Explaining the ongoing dark side of a disturbing story, Williams cites Christopher Reddy, Woods Hole Oceanographic Institution associate scientist of marine chemistry and geochemistry saying BP used one million BARRELS of Corexit or 42 million gallons, not the two million gallons reported, some reports claiming less. If he's right, the toxicity and long-term threat far exceed the worst estimates of reliable scientists, a hellish nightmare for the entire Gulf coast area, Dr. Seth Forman and others comparing Corexit to Agent Orange, the deadly defoliant used in Vietnam, Cambodia and Laos.
Millions of gallons were sprayed with devastating effects, its deadly dioxin one of the most toxic known substances, a potent carcinogenic human immune system suppressant. It accumulates in adipose tissue and the liver, alters living cell structures, causes congenital disorders and birth defects, and contributes to diseases like cancer and type two diabetes. In the 1960s and 70s, it affected millions exposed, Southeast Asians and Americans alike. Expect a repeat today, what BP, the administration and media suppress.
Hugh Kaufman sees tens of thousands of Gulf coast residents at risk and anyone eating the seafood. They'll "end up with cancer, genetic mutations, or some other mysterious unexplained illnesses (years later)."
After the Exxon Valdez disaster, most workers and others exposed to dispersants and oil died young, their average age about 50, another shocking story never reported, a window into the far greater calamity ahead, the Gulf catastrophe infinitely greater, the equivalent of three - four Exxon Valdez incidents a week, using Exxon's 11 million gallon figure. The state of Alaska's conservative estimate was over 30 million gallons, also unreported.
Today, independent scientists report hazardous levels of oil and dispersants in the Gulf, ashore, and in the air, including carcinogenic benzene and oil vapors (Volatile Organic Compounds - VOCs), as early as 1948, the American Petroleum Institute saying, "The only absolutely safe concentration for benzene is zero."
Now it's off the charts contaminating a wide area, one element in a deadly toxic brew, the administration and BP claiming the threat is over, the environment safe, normality fast returning - the official lie, the Obama administration fronting for BP, complicit in its crimes, contributing to a greater disaster instead of preventing it by enforcing responsible policies in the first place, ones absent, assuring other calamities from future oil drilling operations, especially offshore in deep water, where technology and safety concerns haven't kept up with the rush to plunge deep holes in the earth, damn the hazards and millions of lives at risk.
The lives and livelihoods of Gulf residents are at risk, the entire area economically damaged, BP establishing a paltry $20 billion compensation fund for victims, containing a slim $3 billion deposit, the idea being to help BP, not them, claims czar Kenneth Feinberg appointed to assure it, a man notorious for serving wealth and power interests.
Earlier, he managed a similar account for 9/11 victims, then later was appointed pay czar for bailed out Wall Street banks and other companies. Like BP ombudsman Stanley Sporkin, he's a notorious "fixer," fronting for power, not people, earlier negotiating a lawsuit settlement for Agent Orange producers, benefitting them, not affected veterans, getting $1,200 not to litigate.
He later performed similar services for AH Robins, maker of the Dalkon Shield, injuring 235,000 women with potentially lethal pelvic infections, a settlement giving most of them $725 or less.
He's now point man in charge of doing to Gulf residents what he did earlier, saving corporate criminals billions, getting victims to waive their right to sue in return for amounts too meager to matter. In a recent Wall Street Journal interview, he said:
"When I go to the Gulf, I hear a lot about the underground economy. 'Mr. Feinberg, I got paid $5,000 a month all cash. Do I have a claim?' Well, you have to prove your claim. There's nothing illegal about all cash business, but do you have your tax return....Do you have documentary evidence....Will your ship captain vouch for the $5,000....I need something. I can't be paying claims that can't be proven. And I can tell you that this is going to be a big issue."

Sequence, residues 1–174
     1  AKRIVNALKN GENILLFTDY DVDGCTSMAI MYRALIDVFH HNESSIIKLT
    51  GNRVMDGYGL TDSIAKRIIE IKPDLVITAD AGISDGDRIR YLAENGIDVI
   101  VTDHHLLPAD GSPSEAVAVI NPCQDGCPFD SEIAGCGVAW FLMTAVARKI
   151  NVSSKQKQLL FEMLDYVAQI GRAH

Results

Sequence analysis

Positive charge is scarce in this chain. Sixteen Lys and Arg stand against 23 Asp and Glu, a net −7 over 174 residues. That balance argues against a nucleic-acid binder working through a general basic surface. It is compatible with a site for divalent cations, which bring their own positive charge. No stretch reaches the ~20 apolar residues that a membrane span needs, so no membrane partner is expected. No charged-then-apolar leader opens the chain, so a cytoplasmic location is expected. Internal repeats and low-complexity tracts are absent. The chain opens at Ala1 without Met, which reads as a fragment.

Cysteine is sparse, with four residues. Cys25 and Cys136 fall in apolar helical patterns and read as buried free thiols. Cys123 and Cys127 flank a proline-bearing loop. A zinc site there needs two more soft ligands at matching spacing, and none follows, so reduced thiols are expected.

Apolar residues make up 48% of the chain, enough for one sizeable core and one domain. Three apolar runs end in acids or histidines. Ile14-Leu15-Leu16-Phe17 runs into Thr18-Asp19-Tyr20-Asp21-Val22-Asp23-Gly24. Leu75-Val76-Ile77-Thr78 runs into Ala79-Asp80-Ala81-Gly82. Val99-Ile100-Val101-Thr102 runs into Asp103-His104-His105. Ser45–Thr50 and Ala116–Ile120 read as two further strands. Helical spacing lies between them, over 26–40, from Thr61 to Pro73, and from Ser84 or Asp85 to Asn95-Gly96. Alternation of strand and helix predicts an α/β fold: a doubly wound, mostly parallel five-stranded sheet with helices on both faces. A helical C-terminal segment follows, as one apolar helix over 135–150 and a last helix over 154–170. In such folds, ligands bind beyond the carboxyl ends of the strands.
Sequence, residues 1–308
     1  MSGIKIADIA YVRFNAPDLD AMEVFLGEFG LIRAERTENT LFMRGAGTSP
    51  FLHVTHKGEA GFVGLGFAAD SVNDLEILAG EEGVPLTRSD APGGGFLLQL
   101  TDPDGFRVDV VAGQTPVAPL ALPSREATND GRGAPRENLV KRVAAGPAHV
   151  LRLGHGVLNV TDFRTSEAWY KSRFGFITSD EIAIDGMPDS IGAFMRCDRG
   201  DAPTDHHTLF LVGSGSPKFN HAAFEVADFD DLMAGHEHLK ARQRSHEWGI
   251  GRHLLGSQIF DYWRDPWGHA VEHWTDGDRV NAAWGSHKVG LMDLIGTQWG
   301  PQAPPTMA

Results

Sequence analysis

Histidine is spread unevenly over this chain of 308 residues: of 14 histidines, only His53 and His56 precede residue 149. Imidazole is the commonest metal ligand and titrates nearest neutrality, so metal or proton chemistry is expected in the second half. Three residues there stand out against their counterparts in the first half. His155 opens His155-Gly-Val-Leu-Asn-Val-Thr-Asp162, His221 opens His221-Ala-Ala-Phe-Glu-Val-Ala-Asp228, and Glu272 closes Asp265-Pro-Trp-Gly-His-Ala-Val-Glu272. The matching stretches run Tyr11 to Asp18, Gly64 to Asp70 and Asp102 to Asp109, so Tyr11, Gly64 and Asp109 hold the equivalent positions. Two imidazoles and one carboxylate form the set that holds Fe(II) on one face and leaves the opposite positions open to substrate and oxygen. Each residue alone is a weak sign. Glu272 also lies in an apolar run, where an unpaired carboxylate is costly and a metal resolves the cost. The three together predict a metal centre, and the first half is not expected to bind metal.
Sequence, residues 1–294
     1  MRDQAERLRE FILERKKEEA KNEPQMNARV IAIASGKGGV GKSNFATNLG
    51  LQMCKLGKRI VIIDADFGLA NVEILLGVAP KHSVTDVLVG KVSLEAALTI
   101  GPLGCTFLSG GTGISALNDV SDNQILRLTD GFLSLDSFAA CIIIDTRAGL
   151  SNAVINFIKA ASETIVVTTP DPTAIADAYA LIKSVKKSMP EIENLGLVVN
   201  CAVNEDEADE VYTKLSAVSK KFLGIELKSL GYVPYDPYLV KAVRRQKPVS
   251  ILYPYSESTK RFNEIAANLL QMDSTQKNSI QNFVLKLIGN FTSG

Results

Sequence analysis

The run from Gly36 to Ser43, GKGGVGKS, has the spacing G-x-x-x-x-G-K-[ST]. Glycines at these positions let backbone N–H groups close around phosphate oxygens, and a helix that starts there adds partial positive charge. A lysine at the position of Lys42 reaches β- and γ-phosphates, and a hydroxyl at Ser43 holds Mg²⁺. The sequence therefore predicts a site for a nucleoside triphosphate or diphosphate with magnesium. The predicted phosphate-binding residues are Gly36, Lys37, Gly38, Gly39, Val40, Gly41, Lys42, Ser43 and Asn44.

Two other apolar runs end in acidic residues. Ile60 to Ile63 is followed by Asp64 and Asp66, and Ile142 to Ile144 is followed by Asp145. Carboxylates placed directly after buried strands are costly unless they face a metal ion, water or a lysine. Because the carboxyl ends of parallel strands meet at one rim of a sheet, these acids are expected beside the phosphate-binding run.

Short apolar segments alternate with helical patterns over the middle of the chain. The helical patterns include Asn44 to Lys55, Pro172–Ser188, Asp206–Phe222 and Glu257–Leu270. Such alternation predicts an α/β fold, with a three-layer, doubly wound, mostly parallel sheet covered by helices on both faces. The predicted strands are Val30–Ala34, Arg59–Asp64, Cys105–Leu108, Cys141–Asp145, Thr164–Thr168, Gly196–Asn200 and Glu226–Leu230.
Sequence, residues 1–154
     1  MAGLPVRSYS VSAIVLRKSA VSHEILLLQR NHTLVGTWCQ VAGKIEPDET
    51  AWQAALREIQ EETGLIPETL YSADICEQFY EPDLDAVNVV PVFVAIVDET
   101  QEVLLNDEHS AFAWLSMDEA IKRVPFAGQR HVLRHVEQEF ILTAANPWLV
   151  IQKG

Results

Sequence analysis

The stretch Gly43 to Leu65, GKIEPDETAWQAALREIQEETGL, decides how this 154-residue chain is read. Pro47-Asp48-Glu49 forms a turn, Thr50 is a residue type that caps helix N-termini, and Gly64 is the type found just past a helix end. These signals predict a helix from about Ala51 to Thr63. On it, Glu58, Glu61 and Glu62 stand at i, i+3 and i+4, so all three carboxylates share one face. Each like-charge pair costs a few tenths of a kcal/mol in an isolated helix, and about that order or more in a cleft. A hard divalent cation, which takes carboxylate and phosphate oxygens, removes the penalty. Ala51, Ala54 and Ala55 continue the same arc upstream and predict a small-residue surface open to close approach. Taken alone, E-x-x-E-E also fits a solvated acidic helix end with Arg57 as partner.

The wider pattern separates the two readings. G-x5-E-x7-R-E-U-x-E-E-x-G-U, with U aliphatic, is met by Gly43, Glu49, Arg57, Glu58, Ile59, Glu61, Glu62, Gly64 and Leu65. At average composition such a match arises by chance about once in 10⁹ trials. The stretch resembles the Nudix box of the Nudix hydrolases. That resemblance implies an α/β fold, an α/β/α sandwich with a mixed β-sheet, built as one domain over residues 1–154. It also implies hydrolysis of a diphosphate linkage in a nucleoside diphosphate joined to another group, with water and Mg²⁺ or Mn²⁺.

Indeed it will, reports confirming Feinberg on BP's payroll, his mandate being to deny, deny, deny, or pay minimum amounts, mostly in lump sums, victims waiving their right to litigate, even those losing livelihoods and years of lost income.
Washington is corporate-occupied territory, politicians bribed with millions of dollars, favors, and lucrative revolving door jobs out of office. As long as a government/industry cabal runs America, wealth and power interests alone will matter, letting companies like BP destroy the environment, our welfare and lives, expendable for greater profits, assured under Democrats and Republicans, two wings of the money party.
On May 4, National Geographic asked if the "Gulf Oil Spill (was) a 'Dead Zone in the Making,' " saying if it can't be contained it could happen. An early August update explained that beneath the surface lies:
"a turbid cloud of stirred-up sediment and dead sea creatures. Flaccid jellyfish floated on the flat currents of tiny corpses. On the sea bottom the waters were gray and terribly empty. No coral, no fish, no algae, nothing but the noxious oily streaks of red tides and lethal plankton blooms. Everything in this 7,000 square-mile zone (the size of Connecticut and Rhode Island combined) has died from lack of oxygen. It (was) if every person in a city were suddenly sucked dry of air and suffocated...."
Other researchers agree, saying the Gulf's dead zone doubled in the last year, and may be larger than estimated. Caused by hypoxia (low oxygen levels), it stretches across the Mississippi River Delta along Louisiana's coastline into Texas. According to the Louisiana Universities Marine Consortium, it's the world's second largest and growing, covering about 7,700 square miles, an area nearly the size of New Jersey. Marine biologists attribute it to oil and dispersants, as well as nitrogen and phosphorous fertilizer runoffs, soil erosion, animal wastes, sewage, and seasonal weather, notably hurricanes and floods.
They occur globally, but the Gulf's approaches the largest ever recorded in 1985 at just over 8,000 square miles, some scientists believing that number's been eclipsed but not verified, most reputable ones agreeing that a vast area has been poisoned, creating alarming hazards for wildlife and millions of people. It'll be years before the full impact is known, but it's guaranteed to be catastrophic.
Stephen Lendman lives in Chicago and can be reached at firstname.lastname@example.org. Also visit his blog site at sjlendman.blogspot.com and listen to cutting-edge discussions with distinguished guests on the Progressive Radio News Hour on the Progressive Radio Network Thursdays at 10AM US Central time and Saturdays and Sundays at noon. All programs are archived for easy listening.